Home ... Herne Bay ... Garage counts the £46,000 cost of unfair sacking

Garage counts the £46,000 cost of unfair sacking


Volksline, in Broad Oak Road, Canterbury
Volksline, in Broad Oak Road, Canterbury

A whistle-blowing mechanic from Herne Bay was unfairly sacked after claiming the garage he worked for was overcharging customers for unnecessary work, a tribunal has ruled. Jason Phur, 39, was awarded £46,000 this week after winning his case against Volksline, in Broad Oak Road, Canterbury. Mr Phur told a three-man panel he had been dismissed just days after claiming the garage was hitting customers with hefty bills for work that was not needed or even carried out. But bosses claimed he had been sacked for his sub-standard work despite awarding him a pay rise for his good performance just two months before.

A three-man employment tribunal agreed with Mr Phur’s case, describing Volksline director Nick Sutton’s reasons for starting disciplinary proceedings as “implausible and inconsistent”. The hearing was told how Mr Phur complained to Mr Sutton that he had been asked to do unnecessary work on two customers’ vehicles. It prompted Mr Sutton to call a staff meeting on October 15 last year to discuss bad atmosphere in the workplace — a meeting which descended into an argument. Volksline started disciplinary proceedings against Mr Phur on November 4 and then sent him a letter of dismissal four days later. It accused Mr Phur of having a “negative attitude at work” and told him his contract would be terminated. At the hearing in Ashford, Mr Sutton claimed that the mechanic had thrown a chair at him during the meeting. The panel said he had never said this before and found that Mr Phur had been dismissed unfairly. In its judgment, the panel said:

“The finding is reinforced by the inconsistent and implausible explanations given by the respondent (Volksline) for disclplinary action. First, it was said that the reason was the claimant’s (Mr Phur) substandard work. But that was inconsistent with the claimant having received a pay rise beeause he was working well in August 2013 and there was no mention or record of substandard work at any time before was mentioned in the respondent’s letter of 16 October 2013. The most recent explanation given by Mr Sutton was during his evidence to the tribunal, that the reason for the disciplinary action was the claimant’s aggressive behaviour on two occasions, including the alleged chair-throwing incident on October 15,2013. But there was no mention of aggressive behaviour in the invitation letter of October 16, 2013, and no such allegations were put to the Claimant during the disciplinary meeting on November 4, 2013.”

The panel found that Mr Phur’s evidence had been consistent. It said:

“He made reference to the unnecessary replacement of a clutch on the instructions of Mr Sutton purely to make money. Such allegations were capable of amounting to protected disclosures under section 43B(1) (a) of the Act, that is a disclosure of information which in the reasonable belief of the claimant is made in the public interest and tends to show that a criminal offence had been committed by way of defrauding customers. A disclosure alleging a criminal offence is in the public interest.”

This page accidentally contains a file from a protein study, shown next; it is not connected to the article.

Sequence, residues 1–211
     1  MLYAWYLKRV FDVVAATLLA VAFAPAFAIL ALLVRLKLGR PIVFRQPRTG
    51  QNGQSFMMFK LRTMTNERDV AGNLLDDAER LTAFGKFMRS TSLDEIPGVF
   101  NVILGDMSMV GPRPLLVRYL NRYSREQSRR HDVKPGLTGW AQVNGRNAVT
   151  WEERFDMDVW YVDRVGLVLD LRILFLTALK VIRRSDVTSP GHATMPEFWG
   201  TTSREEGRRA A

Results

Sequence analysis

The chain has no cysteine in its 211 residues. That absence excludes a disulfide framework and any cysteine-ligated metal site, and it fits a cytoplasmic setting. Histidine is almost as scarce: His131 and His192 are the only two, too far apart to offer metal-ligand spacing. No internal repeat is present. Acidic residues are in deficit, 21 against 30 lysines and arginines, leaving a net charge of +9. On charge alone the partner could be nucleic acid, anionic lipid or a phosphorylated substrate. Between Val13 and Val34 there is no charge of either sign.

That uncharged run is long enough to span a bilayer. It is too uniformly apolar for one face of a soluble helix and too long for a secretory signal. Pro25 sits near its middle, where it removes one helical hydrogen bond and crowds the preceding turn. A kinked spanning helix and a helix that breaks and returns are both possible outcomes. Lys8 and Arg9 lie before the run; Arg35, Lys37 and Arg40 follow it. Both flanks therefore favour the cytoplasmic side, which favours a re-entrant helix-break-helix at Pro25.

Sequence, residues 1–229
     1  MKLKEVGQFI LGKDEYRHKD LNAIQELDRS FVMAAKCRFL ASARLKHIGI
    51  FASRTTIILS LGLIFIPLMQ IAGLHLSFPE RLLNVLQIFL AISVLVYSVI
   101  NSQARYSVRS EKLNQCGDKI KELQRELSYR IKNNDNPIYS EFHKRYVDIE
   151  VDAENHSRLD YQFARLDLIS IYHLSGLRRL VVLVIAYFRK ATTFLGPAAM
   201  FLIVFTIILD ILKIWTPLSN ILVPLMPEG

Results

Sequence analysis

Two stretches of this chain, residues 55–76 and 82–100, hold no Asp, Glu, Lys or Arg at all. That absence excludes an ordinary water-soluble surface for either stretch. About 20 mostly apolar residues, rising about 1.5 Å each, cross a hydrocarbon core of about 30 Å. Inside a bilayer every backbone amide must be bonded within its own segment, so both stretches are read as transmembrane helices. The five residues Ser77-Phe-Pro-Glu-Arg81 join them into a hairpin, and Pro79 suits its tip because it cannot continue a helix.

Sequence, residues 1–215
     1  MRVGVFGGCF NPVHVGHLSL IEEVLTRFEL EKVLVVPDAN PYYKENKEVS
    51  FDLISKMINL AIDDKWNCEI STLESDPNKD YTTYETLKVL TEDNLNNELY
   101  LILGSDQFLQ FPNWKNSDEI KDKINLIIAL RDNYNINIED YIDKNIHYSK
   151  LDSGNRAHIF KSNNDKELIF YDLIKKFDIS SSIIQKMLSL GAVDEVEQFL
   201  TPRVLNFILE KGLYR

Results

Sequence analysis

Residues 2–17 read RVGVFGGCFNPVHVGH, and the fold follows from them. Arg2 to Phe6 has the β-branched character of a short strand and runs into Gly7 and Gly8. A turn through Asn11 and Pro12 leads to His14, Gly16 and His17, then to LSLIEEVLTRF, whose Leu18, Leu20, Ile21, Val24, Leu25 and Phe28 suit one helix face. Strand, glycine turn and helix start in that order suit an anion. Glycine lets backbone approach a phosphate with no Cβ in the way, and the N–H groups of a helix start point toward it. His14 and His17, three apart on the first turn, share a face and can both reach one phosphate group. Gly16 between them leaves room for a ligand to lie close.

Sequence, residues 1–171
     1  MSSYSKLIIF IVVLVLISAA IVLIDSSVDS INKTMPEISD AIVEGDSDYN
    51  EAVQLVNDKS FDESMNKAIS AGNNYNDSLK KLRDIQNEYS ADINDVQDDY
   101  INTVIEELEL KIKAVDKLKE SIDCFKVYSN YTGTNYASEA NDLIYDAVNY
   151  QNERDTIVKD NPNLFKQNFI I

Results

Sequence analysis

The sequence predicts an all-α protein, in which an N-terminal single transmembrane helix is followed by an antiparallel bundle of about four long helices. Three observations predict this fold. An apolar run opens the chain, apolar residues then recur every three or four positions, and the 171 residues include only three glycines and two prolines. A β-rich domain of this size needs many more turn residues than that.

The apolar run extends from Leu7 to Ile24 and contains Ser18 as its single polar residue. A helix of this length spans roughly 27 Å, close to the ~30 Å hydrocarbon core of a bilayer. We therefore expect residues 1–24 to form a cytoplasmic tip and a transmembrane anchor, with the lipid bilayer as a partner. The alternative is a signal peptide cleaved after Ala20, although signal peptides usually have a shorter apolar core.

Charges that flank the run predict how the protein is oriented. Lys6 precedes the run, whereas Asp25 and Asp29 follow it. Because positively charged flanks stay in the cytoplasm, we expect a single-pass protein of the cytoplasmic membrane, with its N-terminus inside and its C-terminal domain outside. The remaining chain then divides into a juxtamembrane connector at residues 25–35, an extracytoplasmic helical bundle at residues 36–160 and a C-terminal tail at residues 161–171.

The tribunal found that the fact Mr Phur had made his concerns known to bosses was the reason he had been dismissed. Volksline has never been prosecuted for defrauding any customers and the tribunal’s remit does not extend to investigating such allegations.

‘We’ve been shafted —it is unfair’

Nick and David Sutton of Volksllne in Canterbury's Broad Oak Road
Nick and David Sutton of Volksllne in Canterbury’s Broad Oak Road

The bosses of Volkaline said this week:

“We’re an honest firm. We’ve been shafted:”

Father and son David and Nick Sutton insist they do not overcharge their customers and complain that employment tribunals are unfairly weighted in favour of employees. The pair reacted with horror and incredulity when told of the level of the payout to Mr Phur – £46,000. Nick Sutton, 51, said:

“Fortunately we’re insured against this, but if we weren’t it would shut us down. We feel like the tribunal was against the employer. The whole thing was flawed. Going on the witness stand for more than an hour was the worst thing that’s ever happened to me in my life. It has made me sick.”

Volksline was founded by David, 70, in 1979 and has a staff of nine. Nick runs it on a day-to-day basis. David said:

“We have been shafted. It is extremely unfair. I’ve lost two stone because of this. I’ve not been able to sleep, nor have I been able to eat. Moreover, therem is no way we overcharge customers. We have a regular client base — the core business of which is Volkswagen owners – including doctors and solicitors. We have never fitted parts that didn’t need fitting. We axe an honest finn which has been operating in Canterbury for 35 year’s.”

Both men said Mr Phur was a tireless worker and one of their best mechanics. They say he carried out work he was not required to do, such as cleaning the building’s toilets. They claim his attitude changed when he asked for a £200 a week pay rise but received a £5o increase. Nick says it was shortly after this that the meeting took place where he alleges Mr Phur threw a chair at him. Asked why he had not reported the incident immediately, he said:

“I was told not to by the human resources firm we hired. I now feel like we were hung out to dry.”

David said:

“We always treat our employees well. This whole thing feels like a punch in the throat.”

‘This has had a huge impact on me”

Jason Phur, who has just won an employment tribunal
Jason Phur, who has just won an employment tribunal